Spider Damage to Chinese Holly

— Written By Thomas Glasgow and last updated by
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Well, not exactly damage, but the leaf-rolling might catch your attention, and you might suspect herbicide damage. You might even suspect your neighbor sprayed something …
Rolled up leaves were noticed in January on a Chinese holly cultivar known as ‘O. Spring’ growing at the Craven County Agricultural Building. A closer look revealed that virtually all of the affected leaves had a small, flattened web structure inside, and frequently a single spider could be seen underneath the webbing. The images I sent along to the Plant Disease and Insect Clinic at NC State did not provide enough information for a positive ID of the spiders, but it was suggested that various spiders, including hunting spiders, will roll up leaves and tie them together with silk.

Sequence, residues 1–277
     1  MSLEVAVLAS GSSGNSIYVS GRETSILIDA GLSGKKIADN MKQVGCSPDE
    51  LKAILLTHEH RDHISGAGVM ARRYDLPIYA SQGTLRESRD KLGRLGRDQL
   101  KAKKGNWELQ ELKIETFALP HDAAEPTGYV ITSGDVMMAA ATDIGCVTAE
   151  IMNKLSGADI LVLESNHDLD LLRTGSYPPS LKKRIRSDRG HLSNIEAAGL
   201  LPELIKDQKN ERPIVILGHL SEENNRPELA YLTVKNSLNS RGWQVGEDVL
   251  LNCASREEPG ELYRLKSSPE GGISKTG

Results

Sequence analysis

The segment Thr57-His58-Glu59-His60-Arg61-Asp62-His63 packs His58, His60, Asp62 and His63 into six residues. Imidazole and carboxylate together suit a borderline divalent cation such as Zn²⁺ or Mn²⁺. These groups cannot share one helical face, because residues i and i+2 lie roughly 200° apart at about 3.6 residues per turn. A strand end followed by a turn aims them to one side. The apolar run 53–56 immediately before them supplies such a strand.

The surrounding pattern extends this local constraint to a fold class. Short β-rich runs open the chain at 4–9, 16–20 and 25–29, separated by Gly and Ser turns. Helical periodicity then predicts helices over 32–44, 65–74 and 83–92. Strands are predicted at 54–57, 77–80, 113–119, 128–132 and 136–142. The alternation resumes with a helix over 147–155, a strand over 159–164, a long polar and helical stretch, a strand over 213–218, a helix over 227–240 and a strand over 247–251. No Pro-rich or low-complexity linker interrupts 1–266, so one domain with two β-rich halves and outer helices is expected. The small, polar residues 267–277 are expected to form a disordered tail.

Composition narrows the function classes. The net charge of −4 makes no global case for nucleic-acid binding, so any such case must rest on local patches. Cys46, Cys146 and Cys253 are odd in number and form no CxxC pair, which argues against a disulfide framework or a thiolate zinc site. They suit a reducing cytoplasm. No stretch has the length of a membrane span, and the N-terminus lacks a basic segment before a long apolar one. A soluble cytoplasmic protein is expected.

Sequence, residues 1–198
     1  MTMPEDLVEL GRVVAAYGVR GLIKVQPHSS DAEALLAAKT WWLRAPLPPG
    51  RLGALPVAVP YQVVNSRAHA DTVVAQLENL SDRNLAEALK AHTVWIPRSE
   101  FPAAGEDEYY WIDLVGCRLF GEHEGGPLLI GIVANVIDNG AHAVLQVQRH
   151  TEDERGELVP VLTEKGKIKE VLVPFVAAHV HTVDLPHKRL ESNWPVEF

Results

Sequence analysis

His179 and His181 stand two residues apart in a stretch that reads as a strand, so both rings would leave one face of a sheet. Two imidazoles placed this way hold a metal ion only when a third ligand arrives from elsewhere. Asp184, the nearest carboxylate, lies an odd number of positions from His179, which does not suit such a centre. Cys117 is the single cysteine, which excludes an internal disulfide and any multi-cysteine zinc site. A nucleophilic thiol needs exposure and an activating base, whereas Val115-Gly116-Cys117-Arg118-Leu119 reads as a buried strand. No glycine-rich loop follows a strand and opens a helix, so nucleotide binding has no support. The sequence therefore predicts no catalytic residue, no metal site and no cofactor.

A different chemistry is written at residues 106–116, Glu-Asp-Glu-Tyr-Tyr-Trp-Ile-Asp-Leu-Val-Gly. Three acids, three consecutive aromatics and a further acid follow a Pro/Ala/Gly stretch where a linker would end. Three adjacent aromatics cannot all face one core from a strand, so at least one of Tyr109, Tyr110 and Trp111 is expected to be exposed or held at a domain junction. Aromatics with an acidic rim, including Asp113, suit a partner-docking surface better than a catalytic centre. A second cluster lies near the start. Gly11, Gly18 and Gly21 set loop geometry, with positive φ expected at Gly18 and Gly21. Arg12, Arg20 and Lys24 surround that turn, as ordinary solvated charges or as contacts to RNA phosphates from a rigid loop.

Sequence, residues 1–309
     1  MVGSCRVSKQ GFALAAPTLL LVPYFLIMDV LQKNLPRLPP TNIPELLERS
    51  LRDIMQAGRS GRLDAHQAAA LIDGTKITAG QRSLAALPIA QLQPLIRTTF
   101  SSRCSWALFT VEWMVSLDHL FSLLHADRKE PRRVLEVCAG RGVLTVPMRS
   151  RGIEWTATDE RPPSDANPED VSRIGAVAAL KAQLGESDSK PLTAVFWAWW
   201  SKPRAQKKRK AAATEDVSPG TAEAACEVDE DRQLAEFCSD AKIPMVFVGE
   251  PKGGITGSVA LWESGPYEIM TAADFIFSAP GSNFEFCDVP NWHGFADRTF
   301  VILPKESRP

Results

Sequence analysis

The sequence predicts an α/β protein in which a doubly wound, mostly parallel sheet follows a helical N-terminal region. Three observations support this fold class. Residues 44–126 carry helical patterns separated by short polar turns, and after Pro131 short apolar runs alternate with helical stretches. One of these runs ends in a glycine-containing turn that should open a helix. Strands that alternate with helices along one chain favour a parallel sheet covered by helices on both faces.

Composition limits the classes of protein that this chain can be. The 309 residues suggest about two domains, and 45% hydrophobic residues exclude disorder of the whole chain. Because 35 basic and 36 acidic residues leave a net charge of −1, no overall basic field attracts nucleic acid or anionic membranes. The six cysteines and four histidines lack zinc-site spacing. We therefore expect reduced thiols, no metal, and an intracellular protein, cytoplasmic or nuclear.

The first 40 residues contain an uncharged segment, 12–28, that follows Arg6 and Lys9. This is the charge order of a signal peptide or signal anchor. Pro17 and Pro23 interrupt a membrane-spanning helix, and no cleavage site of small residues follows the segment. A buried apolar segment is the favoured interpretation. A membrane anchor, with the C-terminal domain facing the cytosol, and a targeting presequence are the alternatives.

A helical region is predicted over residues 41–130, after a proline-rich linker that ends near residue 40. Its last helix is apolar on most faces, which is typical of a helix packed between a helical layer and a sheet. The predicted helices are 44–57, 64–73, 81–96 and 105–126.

The Clinic also identified the eggs in the third image as belonging to bark lice in the genus Psocomorpha. These insects feed on lichen and algae growing on the bark, so no control is suggested. As for the spiders, you’ve got a bunch of tiny spiders protected by rolled up foliage. Leave well enough alone and don’t embark on difficult and unnecessary spray programs.

Normal and tightly rolled-up foliage of Ilex cornuta ‘O. Spring’.

Unrolling and flattening a leaf reveals webbing and a spider underneath.

Arrow points to the eggs of bark lice, genus Psocomorpha.